While the unprecedented string of executions is often attributed to Attorney General William Barr—and he does play a key role—ProPublica’s review of internal government records shows that Barr did not act alone. “The push to resume federal executions for the first time since 2003 long predates Barr, with groundwork beginning as far back as 2011 and accelerating after Trump took office in 2017.”

The movement was helped by Justice Department lawyers; officials at the Bureau of Prisons; two professors who endorsed the government’s injection method; conservative Supreme Court justices who dismissed final appeals; and Trump himself.

COVID-19 Vaccine
Slow Vaccine Distribution Sets Up A Long 2021

It’s becoming clear that it will take many months until the U.S.’s COVID-19 vaccination campaign reaches the general public. Only 4.5 million Americans have received their first dose, compared to the 20 million the administration promised by the end of 2020.

The data is subject to change, as Talking Points Memo elaborates: vaccination rates could increase thanks to the end of the holidays, distribution kinks getting smoothed, and $8 billion appropriated by Congress for vaccination.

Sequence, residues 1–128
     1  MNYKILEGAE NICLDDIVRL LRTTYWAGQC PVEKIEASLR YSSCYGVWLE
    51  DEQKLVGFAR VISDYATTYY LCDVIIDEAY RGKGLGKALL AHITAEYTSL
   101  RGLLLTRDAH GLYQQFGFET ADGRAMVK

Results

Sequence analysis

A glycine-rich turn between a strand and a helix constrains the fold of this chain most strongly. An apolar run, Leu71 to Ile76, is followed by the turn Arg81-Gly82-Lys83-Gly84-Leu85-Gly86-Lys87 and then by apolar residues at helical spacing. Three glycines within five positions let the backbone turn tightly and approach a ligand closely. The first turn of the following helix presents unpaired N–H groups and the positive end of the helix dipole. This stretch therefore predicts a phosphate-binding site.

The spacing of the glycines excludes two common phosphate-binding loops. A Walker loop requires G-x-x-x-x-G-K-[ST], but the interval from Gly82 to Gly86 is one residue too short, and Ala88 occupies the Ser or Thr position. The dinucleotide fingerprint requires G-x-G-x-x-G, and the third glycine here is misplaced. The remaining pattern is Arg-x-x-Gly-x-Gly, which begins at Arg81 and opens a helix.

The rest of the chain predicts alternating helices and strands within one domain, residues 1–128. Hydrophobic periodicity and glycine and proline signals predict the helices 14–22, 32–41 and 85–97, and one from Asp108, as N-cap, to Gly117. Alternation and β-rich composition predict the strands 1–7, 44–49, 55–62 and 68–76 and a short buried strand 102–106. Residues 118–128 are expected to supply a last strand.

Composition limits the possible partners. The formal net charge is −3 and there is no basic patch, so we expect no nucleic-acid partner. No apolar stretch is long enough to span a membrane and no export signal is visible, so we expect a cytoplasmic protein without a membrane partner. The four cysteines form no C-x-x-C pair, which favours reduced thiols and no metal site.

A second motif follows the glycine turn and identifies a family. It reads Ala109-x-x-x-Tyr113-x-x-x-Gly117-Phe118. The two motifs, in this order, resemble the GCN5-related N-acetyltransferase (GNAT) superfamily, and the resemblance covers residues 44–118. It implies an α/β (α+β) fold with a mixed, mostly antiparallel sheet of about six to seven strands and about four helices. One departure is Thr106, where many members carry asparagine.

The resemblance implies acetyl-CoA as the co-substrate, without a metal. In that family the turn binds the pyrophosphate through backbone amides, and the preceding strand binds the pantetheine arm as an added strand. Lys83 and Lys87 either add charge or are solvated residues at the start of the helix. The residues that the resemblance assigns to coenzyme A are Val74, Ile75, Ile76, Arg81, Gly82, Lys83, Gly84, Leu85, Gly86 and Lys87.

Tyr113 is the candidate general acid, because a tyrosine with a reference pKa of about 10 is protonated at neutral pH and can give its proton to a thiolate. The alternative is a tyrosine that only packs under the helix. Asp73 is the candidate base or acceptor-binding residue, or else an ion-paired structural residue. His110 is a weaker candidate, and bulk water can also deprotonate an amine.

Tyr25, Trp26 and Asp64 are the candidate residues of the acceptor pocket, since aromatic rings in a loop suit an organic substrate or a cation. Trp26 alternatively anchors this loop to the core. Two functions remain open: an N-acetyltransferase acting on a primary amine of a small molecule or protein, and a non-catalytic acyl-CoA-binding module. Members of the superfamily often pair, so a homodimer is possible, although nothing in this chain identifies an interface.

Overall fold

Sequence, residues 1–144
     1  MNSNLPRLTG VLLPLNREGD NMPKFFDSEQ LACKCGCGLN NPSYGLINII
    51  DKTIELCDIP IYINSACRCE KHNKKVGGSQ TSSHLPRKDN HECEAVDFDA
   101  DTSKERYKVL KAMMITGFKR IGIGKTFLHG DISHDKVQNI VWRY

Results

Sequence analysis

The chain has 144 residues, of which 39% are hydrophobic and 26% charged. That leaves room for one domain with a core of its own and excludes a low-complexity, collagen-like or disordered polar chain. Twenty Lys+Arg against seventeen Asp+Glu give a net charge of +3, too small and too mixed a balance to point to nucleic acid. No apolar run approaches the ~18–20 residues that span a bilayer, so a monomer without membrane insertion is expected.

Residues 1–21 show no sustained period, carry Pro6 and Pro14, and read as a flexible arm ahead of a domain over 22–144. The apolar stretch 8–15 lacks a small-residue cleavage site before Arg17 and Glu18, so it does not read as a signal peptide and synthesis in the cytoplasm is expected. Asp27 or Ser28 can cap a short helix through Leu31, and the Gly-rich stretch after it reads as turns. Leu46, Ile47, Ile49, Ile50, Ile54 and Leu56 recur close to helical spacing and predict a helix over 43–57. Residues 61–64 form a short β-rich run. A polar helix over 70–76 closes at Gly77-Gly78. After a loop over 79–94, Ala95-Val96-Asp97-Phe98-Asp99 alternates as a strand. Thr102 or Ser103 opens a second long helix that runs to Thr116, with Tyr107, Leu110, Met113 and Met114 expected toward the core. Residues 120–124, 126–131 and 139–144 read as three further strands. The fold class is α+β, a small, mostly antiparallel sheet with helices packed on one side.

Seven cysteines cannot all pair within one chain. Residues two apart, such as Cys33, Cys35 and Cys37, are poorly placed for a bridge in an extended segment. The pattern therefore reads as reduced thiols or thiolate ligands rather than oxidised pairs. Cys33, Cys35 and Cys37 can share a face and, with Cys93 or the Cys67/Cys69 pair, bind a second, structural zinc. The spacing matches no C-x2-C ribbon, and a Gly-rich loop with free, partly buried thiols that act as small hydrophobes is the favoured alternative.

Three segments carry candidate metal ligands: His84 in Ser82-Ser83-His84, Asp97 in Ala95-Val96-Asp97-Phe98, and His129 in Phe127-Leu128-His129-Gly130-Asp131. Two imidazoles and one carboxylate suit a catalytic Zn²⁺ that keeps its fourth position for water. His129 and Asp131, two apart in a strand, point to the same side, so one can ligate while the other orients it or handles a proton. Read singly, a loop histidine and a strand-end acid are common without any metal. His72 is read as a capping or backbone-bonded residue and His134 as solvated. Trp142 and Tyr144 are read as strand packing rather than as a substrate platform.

Still, wealthy countries including the U.S. and Britain are contributing to global vaccine supply issues: as much as 90% of the population in dozens of poorer countries could be forced to wait until at least 2022 for the vaccine, because wealthy countries are hoarding.

A growing movement is calling for  the development of a people’s vaccine and the suspension of intellectual property rights to expand access, reports Democracy Now!.

Climate Crisis
Global Warming Could Stop Relatively Quickly After Emissions Reach Zero

In 2020, despite the temporary dampening of greenhouse gas emissions from the paused world economy, atmospheric carbon dioxide reached its highest level in millions of years. Through November, last year was on pace to be the hottest or second-hottest on record for the planet, almost 1 degree Celsius above pre-industrial times.

Inside Climate News compiles aspects of climate change unexpected in 2020. Among the list is that warming in the Arctic and Antarctic continues to accelerate faster than the global average. Sea levels are also rising significantly: “by 2050, sea level will be about a foot higher, compared to 2000,” says Bill Sweet, a sea level rise expert with the National Oceanic and Atmospheric Administration.

Research shows that stopping greenhouse gas emissions will stabilize global warming within a decade or two; once CO2 emissions reach net zero, there will be very little to no additional warming.

In Other News

1. UK Covid-19 variant case confirmed in New York (The Independent)

2. The Pandemic Metric to Trust Right Now (The Atlantic)

3. Republicans In Disarray Over Trump’s Effort To Overturn 2020 Election (HuffPost)

4. Qatar: Saudi Arabia embargo ‘to be lifted’ (BBC)

5. Assange ruling confirms US prisons’ grim record, experts say (The Guardian

Read previous Briefs and more from independent media on the PCIM website, and follow PCIM on social media: Facebook | Twitter

The Indy Brief is edited by Jeremy Lovelett.